ABOARD THE ELECTION EXPRESS
LIBERTY, Missouri (CNN)– “In the end, the country runs itself,” said Mike Roush, 43, of Lewis Center, Ohio.
He’s a businessman on the road. We’ve been talking with people, as we cross the country, about “The Candidate.”
Not the candidate– not Barack Obama or John McCain.
But “The Candidate”– the riveting 1972 political movie starring Robert Redford as a handsome and telegenic novice who runs for the United States Senate and wins. The cynicism of the movie, bordering on bitterness, is what makes its message lasting.
Some of the people with whom we’ve spoken remember “The Candidate” well; some have never seen it. But everyone– including Mike Roush– understands the power of its much-discussed closing scene.
In that scene Redford, who has just been elected after using every trick at his disposal and at the disposal of his campaign adviser (played by the late Peter Boyle), pulls Boyle aside and, with the victory cheers still sounding, says:
“What do we do now?”
It’s the ultimate election-night quandary: with triumph fresh and the office finally won, what comes next?
And even though we’ve been talking with people about “The Candidate,” they are quick to see the connection with the candidates: Obama and McCain, one of whom, in less than a week, will realize that the contest is at last over and that he is victorious.
“Regardless of who goes into office, there’s only so much than he can do," Mike Roush told us. That, he said, is why Americans should take comfort in the thought that, in the ways that really count, the country runs itself.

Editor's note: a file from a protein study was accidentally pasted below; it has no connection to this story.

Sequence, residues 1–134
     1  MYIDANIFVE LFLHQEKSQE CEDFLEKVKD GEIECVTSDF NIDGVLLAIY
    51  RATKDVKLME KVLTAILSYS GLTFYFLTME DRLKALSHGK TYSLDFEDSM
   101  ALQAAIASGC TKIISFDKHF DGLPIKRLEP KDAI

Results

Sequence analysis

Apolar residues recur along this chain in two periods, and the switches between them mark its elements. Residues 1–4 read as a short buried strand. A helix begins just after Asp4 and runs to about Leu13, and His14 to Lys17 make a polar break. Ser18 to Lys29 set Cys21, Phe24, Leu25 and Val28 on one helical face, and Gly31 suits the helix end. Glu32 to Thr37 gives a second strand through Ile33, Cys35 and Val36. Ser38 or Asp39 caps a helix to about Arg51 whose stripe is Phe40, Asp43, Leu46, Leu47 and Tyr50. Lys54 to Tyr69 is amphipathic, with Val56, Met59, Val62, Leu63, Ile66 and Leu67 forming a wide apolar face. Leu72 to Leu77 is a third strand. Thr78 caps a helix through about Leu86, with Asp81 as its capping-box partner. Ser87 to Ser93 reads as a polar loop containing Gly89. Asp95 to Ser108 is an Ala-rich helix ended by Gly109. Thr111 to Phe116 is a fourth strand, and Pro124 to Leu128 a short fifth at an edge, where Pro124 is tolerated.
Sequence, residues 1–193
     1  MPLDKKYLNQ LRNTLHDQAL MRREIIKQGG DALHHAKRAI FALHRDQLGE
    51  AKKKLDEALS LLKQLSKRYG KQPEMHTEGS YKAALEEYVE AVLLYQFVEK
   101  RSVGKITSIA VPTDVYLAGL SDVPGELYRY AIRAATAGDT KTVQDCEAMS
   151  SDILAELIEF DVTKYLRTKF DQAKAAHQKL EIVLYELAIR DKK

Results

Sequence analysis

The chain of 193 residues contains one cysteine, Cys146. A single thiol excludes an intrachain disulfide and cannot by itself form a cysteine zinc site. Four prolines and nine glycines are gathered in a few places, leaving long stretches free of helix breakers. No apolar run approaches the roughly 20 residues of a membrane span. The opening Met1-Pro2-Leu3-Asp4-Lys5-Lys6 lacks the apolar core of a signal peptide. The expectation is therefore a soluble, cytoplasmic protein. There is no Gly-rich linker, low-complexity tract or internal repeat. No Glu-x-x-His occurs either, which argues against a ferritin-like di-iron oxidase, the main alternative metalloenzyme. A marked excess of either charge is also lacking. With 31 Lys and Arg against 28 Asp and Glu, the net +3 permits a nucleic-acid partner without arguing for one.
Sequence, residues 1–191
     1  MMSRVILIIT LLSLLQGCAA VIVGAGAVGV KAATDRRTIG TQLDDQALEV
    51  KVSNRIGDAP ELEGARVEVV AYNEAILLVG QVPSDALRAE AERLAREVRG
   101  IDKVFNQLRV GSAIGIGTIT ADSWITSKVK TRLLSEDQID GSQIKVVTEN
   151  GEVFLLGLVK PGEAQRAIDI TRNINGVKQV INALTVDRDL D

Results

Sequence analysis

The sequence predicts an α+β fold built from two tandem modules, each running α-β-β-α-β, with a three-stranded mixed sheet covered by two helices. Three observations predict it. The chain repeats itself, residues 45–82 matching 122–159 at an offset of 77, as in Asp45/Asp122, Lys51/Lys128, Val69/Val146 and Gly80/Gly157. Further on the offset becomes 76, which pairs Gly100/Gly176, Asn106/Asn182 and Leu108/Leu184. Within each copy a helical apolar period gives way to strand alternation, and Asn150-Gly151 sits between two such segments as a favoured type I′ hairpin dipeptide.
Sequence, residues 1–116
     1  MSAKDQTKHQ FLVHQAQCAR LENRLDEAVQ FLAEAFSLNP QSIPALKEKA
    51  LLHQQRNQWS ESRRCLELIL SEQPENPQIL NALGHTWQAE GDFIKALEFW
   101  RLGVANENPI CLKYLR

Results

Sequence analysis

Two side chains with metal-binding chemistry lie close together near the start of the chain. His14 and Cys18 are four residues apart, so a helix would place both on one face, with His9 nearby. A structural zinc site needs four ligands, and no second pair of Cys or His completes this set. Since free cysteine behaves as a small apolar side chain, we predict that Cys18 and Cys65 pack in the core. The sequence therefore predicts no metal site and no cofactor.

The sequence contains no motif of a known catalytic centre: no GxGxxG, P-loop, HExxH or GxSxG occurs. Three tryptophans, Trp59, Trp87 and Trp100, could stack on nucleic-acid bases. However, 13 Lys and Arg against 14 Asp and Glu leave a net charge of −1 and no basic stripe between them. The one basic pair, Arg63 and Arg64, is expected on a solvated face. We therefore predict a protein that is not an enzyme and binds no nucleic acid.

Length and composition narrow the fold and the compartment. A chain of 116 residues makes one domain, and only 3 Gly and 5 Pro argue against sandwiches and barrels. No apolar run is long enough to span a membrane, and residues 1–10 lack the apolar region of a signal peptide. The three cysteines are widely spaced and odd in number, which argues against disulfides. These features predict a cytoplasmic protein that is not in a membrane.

“It’s true everywhere," he said. “I’ve worked for several large business operations. I’ve worked for a gas company– it didn’t matter who the CEO was, the gas kept flowing through the pipes. I’ve worked for a hospital corporation– it didn’t matter who the president of the hospital was, the patients continued to be cared for."
That’s not exactly the kind of analysis designed to stroke the egos of Obama and McCain as their long campaign nears its end. For a citizen to say to them, and of them: We always get by no matter who’s in charge. . . .
That is a potentially deflating thought, for the two men who have invested everything they have and everything they are into the proposition that the specific identity of next Tuesday’s winner is absolutely vital to the nation.
But, according to Mike Roush, Obama and McCain should cherish the knowledge that we always seem to manage to find our way.
“No one can solve all the things that need solving,” he said. “We’re all responsible.”
So that startling climactic line from the winning candidate in “The Candidate” is not quite as bleak as it sounds?
“The country is polarized now," said John Meyers, 33, of Phoenix, Arizona. “But I’m absolutely certain that the nation will come together and bond after the election."
Really? Despite all the heat and anger of the presidential campaign?
“When it comes down to what’s important for America, we always do,” Meyers said. “Hard times always bring people together.”
He’s not a politician– just, like Mike Roush, a business traveler in the middle of a weary week– but he sounded as hopeful as any candidate on a campaign stage when he said:
“I have a lot of faith in the people of this country. No one man, even when he’s elected to the White House, can solve our problems on his own. It takes a lot of people. It takes the nation."
So that half-giddy, half-despairing movie line as it was delivered by Redford:
“What do we do now?”. . . .
It sounds somewhat different, and less troubling, when considered in the context to which Mike Roush and John Meyers alluded: when the “we” is made larger.
Jessica Brucker, 21, of Kansas City, Missouri, said: “It would take longer than a single term for whoever is elected next week to accomplish what he has promised during the campaign."
What do we do now?
“I would like it if the country could be nice and happy," she said. “I think that would be enough."
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